The Problems with Australian Cricket: Part 5

As shown in the previous entries in this series, there are some serious systemic problems facing Australian cricket, and no quick fix is going to solve them. Instead, the road to recovery will take time, short-term pain and investment in youth, both through promotion and development. The Sheffield Shield needs to become a competitive breeding ground for the Test side, allowing the best young players to be ready to take opportunities at a higher level. The pathways to the Shield also need improvement, with less involvement from the states and more cricket being played by developing players. The key to fixing this current rut, however, can be found in history.

The selectors took the first logical step in picking their team for the Adelaide Test, backing young players in Matt Renshaw, Peter Handscomb and Nic Maddinson. This must continue, although Maddinson must prove that he is a better option at six than Travis Head if he is to proceed. Full of this fresh influence, the bowlers stepped up once again in the dead rubber, and the batsmen finally fired to grant Australia their first Test match win since February. This cannot be the expected level of performance from this young side. History has shown that rebuilds can only work with patience, and the selectors, the fans and the higher levels of Cricket Australia need to recognise this and stick to their guns, regardless of short-term results.

Victory: Matt Renshaw (front) and Peter Handscomb seal victory for Australia against South Africa in Adelaide.

Over the course of the upcoming Test matches against Pakistan, the selectors must find the side with the most potential, and find the batting line-up that best suits their need for a stable base in years to come. Then they need to back them to the hilt. Their most recent opponents, South Africa, provide a perfect example. They have turned over their side to replace legends of the game like Graeme Smith and Jacques Kallis, identifying a young replacement early on and sticking with them. Temba Bavuma and Dean Elgar are players who were promoted by this policy, and both have turned into excellent Test cricketers, while not as good as their predecessors. In the mid-1980s, Australia did the same thing, sparking a dominance which lasted for decades. In the midst of a crisis, Allan Border built his side around youth, with players like Steve Waugh, Mark Taylor and Ian Healy coming through the ranks in the next few years. The parallels to this situation are striking, although Border’s Australian team had just gone through the retirements of three of Australia’s greatest ever players (in the same match) and the sudden resignation of Kim Hughes as captain after a series of consecutive losses stretching back much further than the side of today.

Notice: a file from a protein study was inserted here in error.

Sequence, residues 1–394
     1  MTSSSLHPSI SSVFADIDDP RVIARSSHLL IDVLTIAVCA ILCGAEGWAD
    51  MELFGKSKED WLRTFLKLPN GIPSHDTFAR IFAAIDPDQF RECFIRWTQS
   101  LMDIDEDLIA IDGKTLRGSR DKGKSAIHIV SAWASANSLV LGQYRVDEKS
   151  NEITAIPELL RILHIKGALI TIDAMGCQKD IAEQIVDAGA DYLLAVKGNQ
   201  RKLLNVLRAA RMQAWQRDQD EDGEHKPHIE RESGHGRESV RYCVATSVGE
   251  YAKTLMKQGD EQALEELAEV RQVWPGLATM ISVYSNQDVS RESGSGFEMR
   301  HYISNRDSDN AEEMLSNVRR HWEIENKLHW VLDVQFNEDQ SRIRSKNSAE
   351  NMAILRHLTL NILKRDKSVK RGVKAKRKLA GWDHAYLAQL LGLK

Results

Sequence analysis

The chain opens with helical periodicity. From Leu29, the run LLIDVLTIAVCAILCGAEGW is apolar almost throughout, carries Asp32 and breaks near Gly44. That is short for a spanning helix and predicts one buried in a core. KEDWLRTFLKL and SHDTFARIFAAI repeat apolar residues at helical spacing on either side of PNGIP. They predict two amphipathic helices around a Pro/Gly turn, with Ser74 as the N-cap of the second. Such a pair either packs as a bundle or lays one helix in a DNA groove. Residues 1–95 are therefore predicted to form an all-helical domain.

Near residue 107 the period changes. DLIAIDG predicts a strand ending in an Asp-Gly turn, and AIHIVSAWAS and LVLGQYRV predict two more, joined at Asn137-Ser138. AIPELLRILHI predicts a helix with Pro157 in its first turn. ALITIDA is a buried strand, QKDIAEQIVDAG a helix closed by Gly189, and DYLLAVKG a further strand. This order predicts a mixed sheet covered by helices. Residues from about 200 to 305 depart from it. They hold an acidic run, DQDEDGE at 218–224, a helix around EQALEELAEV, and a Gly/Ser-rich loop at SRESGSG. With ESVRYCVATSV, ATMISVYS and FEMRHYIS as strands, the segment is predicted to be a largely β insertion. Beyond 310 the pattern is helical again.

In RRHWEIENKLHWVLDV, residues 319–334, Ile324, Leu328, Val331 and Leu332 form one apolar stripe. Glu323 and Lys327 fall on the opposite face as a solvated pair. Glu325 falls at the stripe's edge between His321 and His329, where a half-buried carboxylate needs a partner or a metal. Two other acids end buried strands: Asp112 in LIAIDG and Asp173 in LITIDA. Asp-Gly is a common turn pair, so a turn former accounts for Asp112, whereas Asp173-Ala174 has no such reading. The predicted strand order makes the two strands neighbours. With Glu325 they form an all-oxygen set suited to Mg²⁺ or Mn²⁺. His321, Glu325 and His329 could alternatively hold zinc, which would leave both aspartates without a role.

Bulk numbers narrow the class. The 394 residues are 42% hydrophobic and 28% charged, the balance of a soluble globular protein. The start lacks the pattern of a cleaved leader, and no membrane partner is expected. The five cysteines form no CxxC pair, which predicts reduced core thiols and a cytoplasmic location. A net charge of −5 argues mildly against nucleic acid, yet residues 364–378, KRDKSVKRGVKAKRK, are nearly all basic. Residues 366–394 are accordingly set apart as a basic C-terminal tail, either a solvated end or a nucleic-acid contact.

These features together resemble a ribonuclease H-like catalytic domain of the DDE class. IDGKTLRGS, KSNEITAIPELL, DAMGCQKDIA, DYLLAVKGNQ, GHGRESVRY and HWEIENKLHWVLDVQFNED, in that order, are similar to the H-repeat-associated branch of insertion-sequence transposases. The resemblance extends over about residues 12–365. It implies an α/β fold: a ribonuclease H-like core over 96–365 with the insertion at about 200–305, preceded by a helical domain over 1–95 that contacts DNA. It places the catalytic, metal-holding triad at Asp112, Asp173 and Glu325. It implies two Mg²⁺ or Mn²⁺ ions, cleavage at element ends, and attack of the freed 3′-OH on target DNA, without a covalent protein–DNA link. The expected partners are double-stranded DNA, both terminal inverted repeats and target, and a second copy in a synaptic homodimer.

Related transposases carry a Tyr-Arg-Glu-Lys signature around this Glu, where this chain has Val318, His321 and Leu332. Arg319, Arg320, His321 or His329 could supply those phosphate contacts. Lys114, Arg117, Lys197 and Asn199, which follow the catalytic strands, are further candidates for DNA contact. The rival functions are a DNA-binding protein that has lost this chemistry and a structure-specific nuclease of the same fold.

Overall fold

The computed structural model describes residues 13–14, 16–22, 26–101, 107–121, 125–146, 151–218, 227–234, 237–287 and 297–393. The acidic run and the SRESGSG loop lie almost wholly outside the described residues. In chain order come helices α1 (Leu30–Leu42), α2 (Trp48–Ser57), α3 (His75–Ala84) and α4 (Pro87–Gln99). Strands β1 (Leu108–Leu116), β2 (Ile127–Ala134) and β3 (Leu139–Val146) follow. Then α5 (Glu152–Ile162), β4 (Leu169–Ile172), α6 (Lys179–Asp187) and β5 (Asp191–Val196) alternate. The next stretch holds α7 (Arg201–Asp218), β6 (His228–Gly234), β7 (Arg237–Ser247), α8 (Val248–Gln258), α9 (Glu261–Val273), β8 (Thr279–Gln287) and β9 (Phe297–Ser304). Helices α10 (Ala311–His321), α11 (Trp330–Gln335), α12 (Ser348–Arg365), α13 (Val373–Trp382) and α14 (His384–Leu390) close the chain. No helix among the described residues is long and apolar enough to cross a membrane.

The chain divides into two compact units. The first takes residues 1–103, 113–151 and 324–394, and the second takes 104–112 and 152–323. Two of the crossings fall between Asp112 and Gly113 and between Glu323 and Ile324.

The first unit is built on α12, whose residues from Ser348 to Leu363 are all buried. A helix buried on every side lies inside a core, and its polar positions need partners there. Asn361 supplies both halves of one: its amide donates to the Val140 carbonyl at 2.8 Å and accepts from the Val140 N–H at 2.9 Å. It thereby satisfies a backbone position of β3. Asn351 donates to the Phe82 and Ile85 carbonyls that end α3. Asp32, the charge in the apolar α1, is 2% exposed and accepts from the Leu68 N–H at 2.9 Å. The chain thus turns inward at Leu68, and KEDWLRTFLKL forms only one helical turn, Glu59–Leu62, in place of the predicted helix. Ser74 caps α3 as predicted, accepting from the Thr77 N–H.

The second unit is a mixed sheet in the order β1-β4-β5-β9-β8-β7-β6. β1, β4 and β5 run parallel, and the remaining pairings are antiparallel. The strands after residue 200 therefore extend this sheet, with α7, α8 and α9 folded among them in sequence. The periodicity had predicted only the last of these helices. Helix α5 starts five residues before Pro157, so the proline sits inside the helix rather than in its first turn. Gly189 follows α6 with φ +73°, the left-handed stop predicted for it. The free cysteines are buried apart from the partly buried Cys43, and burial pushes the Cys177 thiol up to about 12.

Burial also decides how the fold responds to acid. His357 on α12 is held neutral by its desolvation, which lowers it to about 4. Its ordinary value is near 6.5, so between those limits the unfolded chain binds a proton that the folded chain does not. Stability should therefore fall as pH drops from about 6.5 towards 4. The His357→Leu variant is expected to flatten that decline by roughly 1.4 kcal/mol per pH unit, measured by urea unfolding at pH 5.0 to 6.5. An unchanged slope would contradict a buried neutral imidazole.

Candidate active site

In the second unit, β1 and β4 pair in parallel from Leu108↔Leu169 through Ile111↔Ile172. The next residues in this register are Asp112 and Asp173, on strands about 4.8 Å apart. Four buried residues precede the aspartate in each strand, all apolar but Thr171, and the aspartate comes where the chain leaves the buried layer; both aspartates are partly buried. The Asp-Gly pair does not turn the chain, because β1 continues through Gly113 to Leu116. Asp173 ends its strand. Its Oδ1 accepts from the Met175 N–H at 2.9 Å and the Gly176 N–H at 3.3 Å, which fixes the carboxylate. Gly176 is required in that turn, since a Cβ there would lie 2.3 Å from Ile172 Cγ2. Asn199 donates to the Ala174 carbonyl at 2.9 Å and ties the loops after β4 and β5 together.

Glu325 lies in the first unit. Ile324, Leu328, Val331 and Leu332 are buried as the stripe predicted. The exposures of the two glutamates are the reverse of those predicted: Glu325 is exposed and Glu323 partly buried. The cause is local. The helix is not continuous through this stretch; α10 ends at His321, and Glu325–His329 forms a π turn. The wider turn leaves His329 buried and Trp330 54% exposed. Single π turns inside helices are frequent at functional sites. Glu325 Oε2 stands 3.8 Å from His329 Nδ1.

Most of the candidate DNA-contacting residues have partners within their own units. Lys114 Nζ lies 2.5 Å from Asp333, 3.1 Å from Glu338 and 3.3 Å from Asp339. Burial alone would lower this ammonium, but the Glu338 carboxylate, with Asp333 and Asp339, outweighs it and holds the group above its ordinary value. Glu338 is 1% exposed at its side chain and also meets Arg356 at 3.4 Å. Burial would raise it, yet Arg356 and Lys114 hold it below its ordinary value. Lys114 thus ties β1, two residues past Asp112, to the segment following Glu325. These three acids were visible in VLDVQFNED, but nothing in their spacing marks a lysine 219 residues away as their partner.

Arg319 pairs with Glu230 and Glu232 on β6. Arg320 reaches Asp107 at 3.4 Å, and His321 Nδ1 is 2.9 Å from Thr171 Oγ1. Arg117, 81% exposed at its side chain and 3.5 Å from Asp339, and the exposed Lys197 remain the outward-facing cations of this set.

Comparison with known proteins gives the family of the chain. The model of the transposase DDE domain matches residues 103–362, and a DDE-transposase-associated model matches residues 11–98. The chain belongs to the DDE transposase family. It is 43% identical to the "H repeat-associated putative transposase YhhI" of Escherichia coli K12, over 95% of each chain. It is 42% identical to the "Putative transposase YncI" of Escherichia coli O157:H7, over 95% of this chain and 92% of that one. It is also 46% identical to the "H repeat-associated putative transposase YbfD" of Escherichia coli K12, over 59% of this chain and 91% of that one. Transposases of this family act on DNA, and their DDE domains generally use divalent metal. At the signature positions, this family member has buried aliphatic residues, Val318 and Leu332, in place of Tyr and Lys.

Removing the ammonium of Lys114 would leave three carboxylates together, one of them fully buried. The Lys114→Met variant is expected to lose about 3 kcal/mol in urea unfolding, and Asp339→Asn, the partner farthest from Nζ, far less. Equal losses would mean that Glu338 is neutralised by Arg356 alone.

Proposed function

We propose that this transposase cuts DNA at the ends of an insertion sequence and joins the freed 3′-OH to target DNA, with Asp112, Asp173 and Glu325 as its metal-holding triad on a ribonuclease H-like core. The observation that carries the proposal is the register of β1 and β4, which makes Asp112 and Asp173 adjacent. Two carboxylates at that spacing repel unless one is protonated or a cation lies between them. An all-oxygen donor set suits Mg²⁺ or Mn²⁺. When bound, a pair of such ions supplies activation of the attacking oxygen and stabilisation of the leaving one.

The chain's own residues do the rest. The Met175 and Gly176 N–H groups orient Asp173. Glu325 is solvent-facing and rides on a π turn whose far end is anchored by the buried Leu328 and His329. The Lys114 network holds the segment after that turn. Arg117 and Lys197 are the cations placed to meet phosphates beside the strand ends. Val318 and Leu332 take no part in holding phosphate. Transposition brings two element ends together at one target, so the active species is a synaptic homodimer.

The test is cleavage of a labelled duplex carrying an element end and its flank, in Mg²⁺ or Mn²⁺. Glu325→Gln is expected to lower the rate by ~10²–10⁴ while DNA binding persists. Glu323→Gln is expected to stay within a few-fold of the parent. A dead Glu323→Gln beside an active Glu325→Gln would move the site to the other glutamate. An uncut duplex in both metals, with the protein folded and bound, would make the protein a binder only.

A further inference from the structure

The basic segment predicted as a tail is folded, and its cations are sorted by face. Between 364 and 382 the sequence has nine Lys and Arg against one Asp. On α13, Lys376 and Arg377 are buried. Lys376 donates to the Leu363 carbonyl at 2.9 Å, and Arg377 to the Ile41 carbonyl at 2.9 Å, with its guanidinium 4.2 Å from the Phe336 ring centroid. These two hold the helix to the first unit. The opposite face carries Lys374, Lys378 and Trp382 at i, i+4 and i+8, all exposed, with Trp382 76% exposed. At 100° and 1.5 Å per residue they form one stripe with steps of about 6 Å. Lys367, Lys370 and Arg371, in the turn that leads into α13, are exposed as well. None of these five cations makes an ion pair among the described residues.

The lessons to be learnt from this are twofold. Firstly, it shows that it works. It also provides a word of warning. This will take time. Young players do not just become world-class cricketers from their first game, and this batch of players needs time to develop. Against Pakistan, it is highly likely that they will play well. The Pakistanis are coming off a very poor series in New Zealand, and while the conditions there bear no comparison to those in Australia it never helps to come into a series with batsmen low on confidence and fielders who can’t hold a catch. The real test of the selectors commitment will not come following the Sydney Test: it will be India, where the young side will not stand a chance. They will lose the series to a strong, set, Indian side, with the best spinner in the world and the best batsman in the world leading the charge. India can pile on runs on their spin-friendly wickets, while rolling Australia with ease. It may seem negative, but Australia do not stand a chance.

Everyone needs to understand that this will work, and that once young players are backed and allowed to develop they will become better Test cricketers. They need to trust these players to come through, and have faith that their gamble will pay off. With the Ashes coming up next summer, against a very strong English side, there will be grumbles about selection if India, as expected, romp home to a series win. But once the selectors settle on a young side, there can be no going back. They have started on the long, winding and painful road to recovery. Only time will tell whether they can stay the path.

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